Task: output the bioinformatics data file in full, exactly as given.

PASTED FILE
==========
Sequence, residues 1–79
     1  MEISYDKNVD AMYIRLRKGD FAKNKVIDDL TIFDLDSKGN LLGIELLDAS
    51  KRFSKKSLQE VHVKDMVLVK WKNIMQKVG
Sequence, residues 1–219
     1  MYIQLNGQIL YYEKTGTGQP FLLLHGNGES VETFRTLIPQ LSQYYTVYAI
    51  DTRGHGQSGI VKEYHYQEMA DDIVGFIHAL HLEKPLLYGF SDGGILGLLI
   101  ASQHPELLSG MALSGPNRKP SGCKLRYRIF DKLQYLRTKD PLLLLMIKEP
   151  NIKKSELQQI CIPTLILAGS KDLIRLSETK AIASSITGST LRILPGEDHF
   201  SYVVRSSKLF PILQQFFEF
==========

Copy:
Sequence, residues 1–79
     1  MEISYDKNVD AMYIRLRKGD FAKNKVIDDL TIFDLDSKGN LLGIELLDAS
    51  KRFSKKSLQE VHVKDMVLVK WKNIMQKVG
Sequence, residues 1–219
     1  MYIQLNGQIL YYEKTGTGQP FLLLHGNGES VETFRTLIPQ LSQYYTVYAI
    51  DTRGHGQSGI VKEYHYQEMA DDIVGFIHAL HLEKPLLYGF SDGGILGLLI
   101  ASQHPELLSG MALSGPNRKP SGCKLRYRIF DKLQYLRTKD PLLLLMIKEP
   151  NIKKSELQQI CIPTLILAGS KDLIRLSETK AIASSITGST LRILPGEDHF
   201  SYVVRSSKLF PILQQFFEF